Comparing Tornado Sizes Across The World
We've been pretty lucky in the last few years. We haven't seen an EF5 tornado in the United States since 2013. You're probably thinking about the Moore tornado, and you'd be right, technically... As massive as that violent wedge was, it wasn't that year. The biggest Oklahoma has ever seen happened at the end of that same month of May in 2013. It kicked up around El Reno, OK and traversed the landscape towards Yukon and the OKC metro area. Luckily, as the rural area there is somewhat bleak, there wasn't much damage to structures and such. While that seems nice and ideal, 115 people were injured and eight lost their lives. Most of them were either chasing or fleeing the storm at the time.
Now we've made it to the part of the blog, if you're still reading, that you need to re-up your tornado preparations. Oklahoma is second on the list of 'States With The Most Tornadoes,' only second to the massive land area of Texas. We also are listed second for most amount of deadly tornadoes among some other statistics.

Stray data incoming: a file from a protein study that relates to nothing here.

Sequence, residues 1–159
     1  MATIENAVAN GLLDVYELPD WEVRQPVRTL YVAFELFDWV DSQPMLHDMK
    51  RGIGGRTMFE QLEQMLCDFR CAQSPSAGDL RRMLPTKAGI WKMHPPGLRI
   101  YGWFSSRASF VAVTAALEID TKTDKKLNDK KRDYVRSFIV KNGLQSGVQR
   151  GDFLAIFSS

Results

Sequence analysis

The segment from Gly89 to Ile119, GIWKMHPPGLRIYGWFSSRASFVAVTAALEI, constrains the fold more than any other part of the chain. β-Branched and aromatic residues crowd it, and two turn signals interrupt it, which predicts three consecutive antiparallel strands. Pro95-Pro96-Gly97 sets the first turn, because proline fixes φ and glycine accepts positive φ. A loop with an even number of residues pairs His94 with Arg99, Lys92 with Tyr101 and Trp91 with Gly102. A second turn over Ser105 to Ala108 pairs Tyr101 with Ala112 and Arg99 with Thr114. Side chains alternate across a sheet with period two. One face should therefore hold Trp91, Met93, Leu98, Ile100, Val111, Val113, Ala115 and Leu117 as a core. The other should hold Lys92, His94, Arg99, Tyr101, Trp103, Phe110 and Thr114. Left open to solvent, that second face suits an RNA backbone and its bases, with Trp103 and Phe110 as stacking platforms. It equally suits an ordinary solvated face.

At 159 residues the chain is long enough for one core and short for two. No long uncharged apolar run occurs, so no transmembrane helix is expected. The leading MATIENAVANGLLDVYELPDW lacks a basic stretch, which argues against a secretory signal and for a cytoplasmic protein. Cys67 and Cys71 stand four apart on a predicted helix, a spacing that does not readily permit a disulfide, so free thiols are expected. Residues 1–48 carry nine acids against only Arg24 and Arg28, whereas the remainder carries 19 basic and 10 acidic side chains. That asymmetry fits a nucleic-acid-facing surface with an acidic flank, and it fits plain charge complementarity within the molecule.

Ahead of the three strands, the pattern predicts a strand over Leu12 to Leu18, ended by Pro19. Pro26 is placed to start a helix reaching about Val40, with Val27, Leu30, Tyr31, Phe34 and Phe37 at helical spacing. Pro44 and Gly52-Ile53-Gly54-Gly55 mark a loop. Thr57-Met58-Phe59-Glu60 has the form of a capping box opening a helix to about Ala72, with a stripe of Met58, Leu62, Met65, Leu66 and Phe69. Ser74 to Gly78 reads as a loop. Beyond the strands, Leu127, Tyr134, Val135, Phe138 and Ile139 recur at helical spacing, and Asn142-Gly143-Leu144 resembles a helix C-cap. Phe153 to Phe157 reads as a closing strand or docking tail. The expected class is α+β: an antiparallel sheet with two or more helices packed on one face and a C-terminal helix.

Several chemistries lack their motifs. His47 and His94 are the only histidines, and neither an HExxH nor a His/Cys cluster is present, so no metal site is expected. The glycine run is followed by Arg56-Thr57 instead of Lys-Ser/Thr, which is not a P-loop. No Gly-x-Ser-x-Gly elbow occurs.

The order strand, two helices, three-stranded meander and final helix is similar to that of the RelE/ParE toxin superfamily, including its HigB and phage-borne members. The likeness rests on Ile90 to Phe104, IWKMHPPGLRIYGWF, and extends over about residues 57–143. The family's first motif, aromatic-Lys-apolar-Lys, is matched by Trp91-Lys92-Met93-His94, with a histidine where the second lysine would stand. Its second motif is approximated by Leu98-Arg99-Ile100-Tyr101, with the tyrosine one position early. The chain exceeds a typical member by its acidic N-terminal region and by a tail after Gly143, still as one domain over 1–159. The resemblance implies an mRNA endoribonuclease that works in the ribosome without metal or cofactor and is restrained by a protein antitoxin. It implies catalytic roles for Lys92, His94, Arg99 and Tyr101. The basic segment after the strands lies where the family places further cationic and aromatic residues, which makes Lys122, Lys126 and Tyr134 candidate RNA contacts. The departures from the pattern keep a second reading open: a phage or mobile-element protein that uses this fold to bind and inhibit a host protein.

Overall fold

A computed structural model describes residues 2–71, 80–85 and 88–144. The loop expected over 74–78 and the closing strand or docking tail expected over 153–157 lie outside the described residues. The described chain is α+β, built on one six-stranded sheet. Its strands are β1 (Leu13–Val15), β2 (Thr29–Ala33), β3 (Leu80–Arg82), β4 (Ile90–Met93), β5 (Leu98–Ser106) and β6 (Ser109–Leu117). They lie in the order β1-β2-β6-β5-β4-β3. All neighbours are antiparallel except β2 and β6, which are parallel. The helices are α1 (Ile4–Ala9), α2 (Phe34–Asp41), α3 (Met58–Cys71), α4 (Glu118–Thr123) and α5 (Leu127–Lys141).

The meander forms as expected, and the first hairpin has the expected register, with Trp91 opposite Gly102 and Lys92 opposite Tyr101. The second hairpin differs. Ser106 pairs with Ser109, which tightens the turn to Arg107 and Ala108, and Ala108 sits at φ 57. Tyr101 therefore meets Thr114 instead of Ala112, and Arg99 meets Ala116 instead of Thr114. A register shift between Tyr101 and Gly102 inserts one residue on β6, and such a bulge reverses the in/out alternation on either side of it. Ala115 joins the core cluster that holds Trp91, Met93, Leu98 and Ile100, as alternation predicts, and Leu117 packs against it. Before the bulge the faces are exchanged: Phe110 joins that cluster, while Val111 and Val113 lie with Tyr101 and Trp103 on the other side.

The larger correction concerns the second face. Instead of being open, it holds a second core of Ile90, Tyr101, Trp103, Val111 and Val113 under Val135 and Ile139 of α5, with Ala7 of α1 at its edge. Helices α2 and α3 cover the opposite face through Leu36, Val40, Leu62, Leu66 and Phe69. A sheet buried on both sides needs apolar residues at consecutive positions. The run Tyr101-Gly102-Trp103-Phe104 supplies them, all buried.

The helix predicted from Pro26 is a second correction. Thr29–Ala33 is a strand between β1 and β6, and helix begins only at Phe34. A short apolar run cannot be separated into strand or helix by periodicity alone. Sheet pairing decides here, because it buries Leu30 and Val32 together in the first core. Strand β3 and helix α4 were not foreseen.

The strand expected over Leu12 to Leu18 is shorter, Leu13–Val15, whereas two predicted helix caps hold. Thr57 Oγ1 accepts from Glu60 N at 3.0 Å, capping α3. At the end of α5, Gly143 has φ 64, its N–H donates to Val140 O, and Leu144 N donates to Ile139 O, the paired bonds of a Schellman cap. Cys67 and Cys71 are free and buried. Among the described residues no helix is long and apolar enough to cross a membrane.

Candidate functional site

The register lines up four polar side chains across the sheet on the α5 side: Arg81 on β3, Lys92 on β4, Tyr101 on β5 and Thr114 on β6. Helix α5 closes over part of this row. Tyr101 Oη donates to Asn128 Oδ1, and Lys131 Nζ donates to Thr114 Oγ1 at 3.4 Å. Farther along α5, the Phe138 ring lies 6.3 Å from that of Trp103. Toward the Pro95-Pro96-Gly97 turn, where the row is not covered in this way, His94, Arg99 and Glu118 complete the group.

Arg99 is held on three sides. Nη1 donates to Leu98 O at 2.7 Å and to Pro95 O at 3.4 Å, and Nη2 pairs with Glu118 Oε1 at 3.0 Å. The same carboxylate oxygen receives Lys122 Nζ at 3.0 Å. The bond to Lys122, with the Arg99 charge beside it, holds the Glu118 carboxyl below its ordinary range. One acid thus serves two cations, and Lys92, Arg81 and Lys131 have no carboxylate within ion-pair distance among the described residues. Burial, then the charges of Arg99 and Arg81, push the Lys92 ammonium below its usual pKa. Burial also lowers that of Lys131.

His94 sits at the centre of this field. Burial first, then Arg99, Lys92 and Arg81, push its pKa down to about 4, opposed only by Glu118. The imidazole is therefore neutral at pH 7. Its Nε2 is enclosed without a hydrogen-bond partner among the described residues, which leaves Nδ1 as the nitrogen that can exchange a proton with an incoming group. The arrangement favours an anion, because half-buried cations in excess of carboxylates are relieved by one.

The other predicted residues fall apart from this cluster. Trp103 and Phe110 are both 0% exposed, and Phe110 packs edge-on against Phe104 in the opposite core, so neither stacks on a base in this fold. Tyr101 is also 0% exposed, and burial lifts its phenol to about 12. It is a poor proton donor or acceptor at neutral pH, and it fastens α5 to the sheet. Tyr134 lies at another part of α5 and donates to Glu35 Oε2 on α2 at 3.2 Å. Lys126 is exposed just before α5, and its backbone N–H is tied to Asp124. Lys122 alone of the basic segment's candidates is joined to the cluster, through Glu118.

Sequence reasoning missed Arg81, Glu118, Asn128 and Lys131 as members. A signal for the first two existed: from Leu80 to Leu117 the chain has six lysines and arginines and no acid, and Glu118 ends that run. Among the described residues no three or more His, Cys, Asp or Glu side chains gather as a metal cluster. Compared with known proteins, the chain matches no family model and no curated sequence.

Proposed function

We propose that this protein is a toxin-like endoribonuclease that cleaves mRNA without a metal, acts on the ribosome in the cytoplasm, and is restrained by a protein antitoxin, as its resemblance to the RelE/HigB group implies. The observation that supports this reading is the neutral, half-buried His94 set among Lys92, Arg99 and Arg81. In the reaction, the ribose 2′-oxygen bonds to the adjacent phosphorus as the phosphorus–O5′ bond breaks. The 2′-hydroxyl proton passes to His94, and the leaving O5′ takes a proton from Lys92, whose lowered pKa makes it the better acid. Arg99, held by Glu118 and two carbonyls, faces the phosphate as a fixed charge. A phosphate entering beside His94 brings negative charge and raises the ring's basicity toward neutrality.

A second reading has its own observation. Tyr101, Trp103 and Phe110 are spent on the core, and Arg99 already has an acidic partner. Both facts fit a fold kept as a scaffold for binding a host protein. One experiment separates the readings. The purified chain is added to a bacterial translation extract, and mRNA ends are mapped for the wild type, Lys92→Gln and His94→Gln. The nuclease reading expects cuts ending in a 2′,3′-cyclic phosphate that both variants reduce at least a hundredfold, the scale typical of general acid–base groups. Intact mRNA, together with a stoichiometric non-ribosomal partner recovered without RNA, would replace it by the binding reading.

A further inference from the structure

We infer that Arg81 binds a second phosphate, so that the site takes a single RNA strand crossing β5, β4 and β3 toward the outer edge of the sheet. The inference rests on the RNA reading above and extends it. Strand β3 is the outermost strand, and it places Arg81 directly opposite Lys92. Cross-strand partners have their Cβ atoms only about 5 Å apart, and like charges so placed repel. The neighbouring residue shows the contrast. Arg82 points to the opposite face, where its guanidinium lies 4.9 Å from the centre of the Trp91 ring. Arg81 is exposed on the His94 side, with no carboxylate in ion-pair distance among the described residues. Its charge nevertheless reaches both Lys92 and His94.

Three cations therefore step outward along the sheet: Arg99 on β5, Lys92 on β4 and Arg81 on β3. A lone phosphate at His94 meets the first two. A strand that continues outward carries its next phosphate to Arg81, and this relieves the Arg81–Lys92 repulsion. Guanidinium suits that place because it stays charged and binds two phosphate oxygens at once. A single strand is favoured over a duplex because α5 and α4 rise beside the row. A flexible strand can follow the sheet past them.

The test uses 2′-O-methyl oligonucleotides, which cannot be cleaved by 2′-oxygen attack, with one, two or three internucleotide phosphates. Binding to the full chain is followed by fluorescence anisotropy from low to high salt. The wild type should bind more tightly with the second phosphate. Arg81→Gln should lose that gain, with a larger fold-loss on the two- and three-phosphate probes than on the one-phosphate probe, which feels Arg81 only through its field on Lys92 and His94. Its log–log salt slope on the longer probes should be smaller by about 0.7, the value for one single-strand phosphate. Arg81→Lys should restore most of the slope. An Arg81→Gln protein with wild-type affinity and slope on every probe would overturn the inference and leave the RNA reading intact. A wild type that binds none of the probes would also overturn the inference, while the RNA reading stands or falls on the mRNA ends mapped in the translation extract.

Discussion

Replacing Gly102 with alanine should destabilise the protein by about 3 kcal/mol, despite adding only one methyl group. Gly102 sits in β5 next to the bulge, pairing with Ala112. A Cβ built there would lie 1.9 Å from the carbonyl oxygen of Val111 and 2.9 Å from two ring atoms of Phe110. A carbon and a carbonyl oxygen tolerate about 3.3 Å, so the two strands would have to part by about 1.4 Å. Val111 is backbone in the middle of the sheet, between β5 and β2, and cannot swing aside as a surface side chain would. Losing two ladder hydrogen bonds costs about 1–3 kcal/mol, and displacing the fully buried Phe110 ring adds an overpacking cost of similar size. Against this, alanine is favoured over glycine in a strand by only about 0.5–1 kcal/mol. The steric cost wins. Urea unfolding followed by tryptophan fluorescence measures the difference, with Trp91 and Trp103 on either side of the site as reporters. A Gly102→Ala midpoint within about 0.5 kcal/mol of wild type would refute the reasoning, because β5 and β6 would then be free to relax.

So, what will you need?
Pack away some water. Food isn't as important, but in the worst of times, food can be lift spirits - ie - my parents kept MRE type food in our shelter and played the scary process of taking shelter off as camping. It really helped us kids, and I know it also helped them.
Store heavy and comfortable spare blankets and pillow if you have them. I've spent many nights camping out in shelters, creature comforts are king.
Hand crank radios are better to have than your cell phone. Here's why... It doesn't require a data connection, and if all hell breaks loose, odds of having data are slim. Power grids fail, towers go offline, etc... All the same, odds of that happening are small, and your cell phone is a life line. Have it and a way to charge it in case the power goes out.
Flashlights are good, but battery powered LED lanterns are better. You want to have as much light as possible in your safe space.
Before the storm hits, as soon as you get in your safe space, text someone or post that you're taking shelter on social media, say where your home is and where at in the home you are taking shelter. As soon as the storm passes, delete your personal information and give the all-clear. It's not social media narcissism, it's letting someone know where you are in case Mother Nature sweeps through your neighborhood.
Big props if you mount a small TV in your safe space. You don't need to run a connection to it either. Just get an HD-Antenna that can pull local channels out of the air. Then all you need is power for the TV.
Good luck this tornado season. Lets hope it's an uneventful one.